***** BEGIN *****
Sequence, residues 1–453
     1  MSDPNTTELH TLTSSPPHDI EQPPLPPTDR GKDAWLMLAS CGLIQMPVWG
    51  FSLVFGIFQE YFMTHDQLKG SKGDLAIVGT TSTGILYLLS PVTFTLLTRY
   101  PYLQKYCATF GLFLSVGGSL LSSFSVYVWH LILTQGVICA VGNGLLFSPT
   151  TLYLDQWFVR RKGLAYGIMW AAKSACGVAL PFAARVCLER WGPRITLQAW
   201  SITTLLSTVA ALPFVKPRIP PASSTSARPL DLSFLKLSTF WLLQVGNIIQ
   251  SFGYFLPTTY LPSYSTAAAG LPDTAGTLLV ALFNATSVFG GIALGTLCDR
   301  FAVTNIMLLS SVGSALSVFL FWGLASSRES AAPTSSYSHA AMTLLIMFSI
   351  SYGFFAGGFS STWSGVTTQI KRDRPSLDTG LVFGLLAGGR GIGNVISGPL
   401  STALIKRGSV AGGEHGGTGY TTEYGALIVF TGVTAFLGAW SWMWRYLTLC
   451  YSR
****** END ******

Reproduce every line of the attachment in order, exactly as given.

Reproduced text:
Sequence, residues 1–453
     1  MSDPNTTELH TLTSSPPHDI EQPPLPPTDR GKDAWLMLAS CGLIQMPVWG
    51  FSLVFGIFQE YFMTHDQLKG SKGDLAIVGT TSTGILYLLS PVTFTLLTRY
   101  PYLQKYCATF GLFLSVGGSL LSSFSVYVWH LILTQGVICA VGNGLLFSPT
   151  TLYLDQWFVR RKGLAYGIMW AAKSACGVAL PFAARVCLER WGPRITLQAW
   201  SITTLLSTVA ALPFVKPRIP PASSTSARPL DLSFLKLSTF WLLQVGNIIQ
   251  SFGYFLPTTY LPSYSTAAAG LPDTAGTLLV ALFNATSVFG GIALGTLCDR
   301  FAVTNIMLLS SVGSALSVFL FWGLASSRES AAPTSSYSHA AMTLLIMFSI
   351  SYGFFAGGFS STWSGVTTQI KRDRPSLDTG LVFGLLAGGR GIGNVISGPL
   401  STALIKRGSV AGGEHGGTGY TTEYGALIVF TGVTAFLGAW SWMWRYLTLC
   451  YSR